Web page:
Earlier this week, Dr. Rick Bright claimed that President Donald Trump had him removed as both the director of the United States Biomedical Advanced Research and Development Authority (BARDA) and Health and Human Services’ (HHS) Deputy Assistant Secretary for Preparedness and Response.
The doctor alleged that his removal from the COVID response team was a result of challenging President Trump on the advocacy of hydroxychloroquine as a possible coronavirus cure. He warned that the decision, which he alleged was due to “politics and cronyism,” would cost lives.
However, Bright’s former HHS colleagues have questioned his version of events, claiming the doctor had actually helped procure a substantial supply of the drug for use in the United States.
Despite these counter claims, the doctor has filed a whistleblower complaint in relation to his removal and insists that he was against the use of hydroxychloroquine, which studies suggest does not work to combat COVID-19.
Dr. Bright’s press release
On Wednesday, April 22, Dr. Bright released a press release through his lawyers stating that he had been removed from his dual positions by the Trump administration and transferred to “a more limited and less impactful position at the National Institutes of Health.”
In the statement, the doctor said that he believed the reason for his reassignment was “in response to my insistence that the government invest the billions of dollars allocated by Congress to address the COVID-19 pandemic into safe and scientifically vetted solutions, and not in drugs, vaccines and other technologies that lack scientific merit.”
This last line appears to have largely been in reference to hydroxychloroquine, an antimalarial drug that Trump and many conservative pundits have advocated as a possible cure for COVID-19.
In his statement, Dr. Bright went on to say, “I am speaking out because to combat this deadly virus, science – not politics or cronyism – has to lead the way.”
Bright, who is a globally-recognized expert on infectious diseases, said that “sidelining” him during the COVID-19 pandemic would cost lives. He was therefore filing a whistleblower complaint to have the General Inspector of the HHS investigate his reassignment.
Was Dr. Bright removed for challenging Trump?
After Bright came forward with his complaint, Trump claimed to have “never heard of him” and to not know about the doctor’s ouster.
Some of Bright’s former colleagues have challenged his version of events. According to a Politico investigation, multiple people at HHS have suggested that Bright was actually instrumental in the acquisition of tens of millions of hydroxychloroquine doses.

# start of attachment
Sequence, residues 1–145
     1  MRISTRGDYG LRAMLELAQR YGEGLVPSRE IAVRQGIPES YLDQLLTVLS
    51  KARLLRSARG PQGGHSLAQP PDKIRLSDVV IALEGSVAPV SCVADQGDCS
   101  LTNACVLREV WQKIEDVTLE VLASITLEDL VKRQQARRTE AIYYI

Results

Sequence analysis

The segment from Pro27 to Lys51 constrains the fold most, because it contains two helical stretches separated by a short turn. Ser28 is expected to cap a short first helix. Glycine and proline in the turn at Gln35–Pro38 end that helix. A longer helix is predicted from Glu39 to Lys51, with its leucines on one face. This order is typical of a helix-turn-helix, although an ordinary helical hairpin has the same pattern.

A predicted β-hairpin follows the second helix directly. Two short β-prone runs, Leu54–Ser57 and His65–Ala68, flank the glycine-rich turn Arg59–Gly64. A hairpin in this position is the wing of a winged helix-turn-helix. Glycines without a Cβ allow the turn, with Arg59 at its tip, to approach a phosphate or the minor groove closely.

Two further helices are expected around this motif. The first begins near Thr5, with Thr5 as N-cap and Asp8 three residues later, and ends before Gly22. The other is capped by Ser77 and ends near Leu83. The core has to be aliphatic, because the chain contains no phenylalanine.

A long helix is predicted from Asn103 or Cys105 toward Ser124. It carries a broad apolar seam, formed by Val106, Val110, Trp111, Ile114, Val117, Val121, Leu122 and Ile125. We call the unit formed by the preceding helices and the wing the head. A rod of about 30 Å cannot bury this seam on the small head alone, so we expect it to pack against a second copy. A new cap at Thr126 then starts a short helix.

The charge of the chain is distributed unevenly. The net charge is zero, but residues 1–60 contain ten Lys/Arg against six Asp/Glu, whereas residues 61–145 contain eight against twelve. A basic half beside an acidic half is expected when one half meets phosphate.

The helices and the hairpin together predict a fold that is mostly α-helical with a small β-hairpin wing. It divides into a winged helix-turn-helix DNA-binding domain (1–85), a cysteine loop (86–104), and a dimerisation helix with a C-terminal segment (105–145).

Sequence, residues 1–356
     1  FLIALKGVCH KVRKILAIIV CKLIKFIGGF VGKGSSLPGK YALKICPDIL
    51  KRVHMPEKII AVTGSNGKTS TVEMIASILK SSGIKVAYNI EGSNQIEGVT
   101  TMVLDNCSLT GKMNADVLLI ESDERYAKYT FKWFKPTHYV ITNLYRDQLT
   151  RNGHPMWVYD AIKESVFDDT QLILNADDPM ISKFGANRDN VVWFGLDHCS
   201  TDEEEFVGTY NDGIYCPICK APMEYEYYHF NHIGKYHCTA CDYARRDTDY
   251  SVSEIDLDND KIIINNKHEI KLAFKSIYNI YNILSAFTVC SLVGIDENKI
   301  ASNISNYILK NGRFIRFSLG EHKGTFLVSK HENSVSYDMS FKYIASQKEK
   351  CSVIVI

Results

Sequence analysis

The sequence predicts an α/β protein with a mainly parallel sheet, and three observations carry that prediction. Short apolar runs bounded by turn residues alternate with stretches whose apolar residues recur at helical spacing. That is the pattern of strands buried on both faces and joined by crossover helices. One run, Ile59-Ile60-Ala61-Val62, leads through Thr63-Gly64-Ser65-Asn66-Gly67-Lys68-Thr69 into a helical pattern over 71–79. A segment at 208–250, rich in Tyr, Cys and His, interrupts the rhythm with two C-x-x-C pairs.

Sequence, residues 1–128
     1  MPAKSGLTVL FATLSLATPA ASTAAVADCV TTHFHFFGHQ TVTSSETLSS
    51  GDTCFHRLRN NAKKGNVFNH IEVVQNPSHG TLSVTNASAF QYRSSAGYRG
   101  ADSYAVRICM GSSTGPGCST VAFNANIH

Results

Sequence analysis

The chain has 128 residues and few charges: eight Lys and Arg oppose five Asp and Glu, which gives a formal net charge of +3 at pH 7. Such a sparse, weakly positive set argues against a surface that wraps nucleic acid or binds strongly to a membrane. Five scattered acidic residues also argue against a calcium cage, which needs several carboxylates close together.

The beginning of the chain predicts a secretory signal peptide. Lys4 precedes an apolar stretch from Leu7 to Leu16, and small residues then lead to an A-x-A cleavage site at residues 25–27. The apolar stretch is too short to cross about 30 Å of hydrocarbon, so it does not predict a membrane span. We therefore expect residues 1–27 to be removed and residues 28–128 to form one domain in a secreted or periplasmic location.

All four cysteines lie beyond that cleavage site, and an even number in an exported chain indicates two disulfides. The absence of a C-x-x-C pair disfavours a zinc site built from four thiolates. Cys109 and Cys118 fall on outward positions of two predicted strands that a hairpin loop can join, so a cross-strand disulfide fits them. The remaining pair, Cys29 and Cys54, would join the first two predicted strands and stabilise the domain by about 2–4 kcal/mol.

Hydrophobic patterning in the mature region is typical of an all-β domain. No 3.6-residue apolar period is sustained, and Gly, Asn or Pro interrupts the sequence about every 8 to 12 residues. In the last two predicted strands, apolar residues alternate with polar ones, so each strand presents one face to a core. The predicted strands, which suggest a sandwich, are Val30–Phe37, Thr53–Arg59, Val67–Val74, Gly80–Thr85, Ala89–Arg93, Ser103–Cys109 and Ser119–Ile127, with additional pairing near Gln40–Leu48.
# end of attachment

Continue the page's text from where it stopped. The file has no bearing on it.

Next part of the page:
A Reuters report from April 16 unearthed emails that revealed a concerted effort by the administration to acquire a large stockpile of the drugs to give Trump a “win.” The efforts included an acknowledgement of “potentially serious issues with” Resochin.
Resochin is a trade name for chloroquine, which, like hydroxychloroquine, has been in use for years in the US as a treatment for malaria and autoimmune diseases like lupus.
Though Bright’s emails weren’t made public in the Reuters report, an HHS official who has seen copies of the email exchange told Politico, “If Bright opposed hydroxychloroquine, he certainly didn’t make that clear from his email – quite the opposite.”
HHS spokesperson Caitlin Oakley claimed that Bright “requested an Emergency Use Authorization from the Food and Drug Administration [FDA] for donations of chloroquine that Bayer and Sandoz recently made to the Strategic National Stockpile for use on COVID-19 patients.”
If Bright was not fired for challenging the administration, his firing possibly came as a result of BARDA’s slow response to the COVID-19 crisis. At least, that is what a former official told Politico, saying, “Rather than prioritizing therapeutics that could be available in weeks, Bright focused on products that would take weeks or months.”
Trump advocates for hydroxychloroquine
Regardless of the reason for Bright’s reassignment, the Trump administration has actively advocated for the use of hydroxychloroquine. The president has repeatedly pushed for the use of the drug, both in daily COVID-19 press briefings and on his personal Twitter account.
On March 21, he tweeted, “HYDROXYCHLOROQUINE & AZITHROMYCIN, taken together, have a real chance to be one of the biggest game changers in the history of medicine.” Azithromycin is an antibiotic and therefore not intended to treat viral infections like COVID-19.
In late March, under the guidance of the Trump administration, the FDA authorized the use of hydroxychloroquine and chloroquine. The agency suggested that the drugs could be “prescribed by doctors to hospitalized teen and adult patients with COVID-19” when other treatments were not available.
However, recent studies of COVID-19 patients treated with hydroxychloroquine have cast doubts on the drug’s supposed effectiveness. A French study of hundreds of patients found “no evidence of clinical efficacy of hydroxychloroquine in patients.”
A similar study at Veterans Health Administration medical centers found hydroxychloroquine treatment did not reduce the need for ventilation among COVID-19 patients. Furthermore, fatality rates for those who were given the drug were higher than those who did not receive it.
Since those studies were published, Trump has ceased publicly advocating for the use of hydroxychloroquine.
However, in a press briefing on April 23, Trump questioned whether “ultraviolet or just very powerful light” could be used to kill the virus. The president also wondered if a disinfectant could be used internally as a treatment, “by injection inside or almost a cleaning.”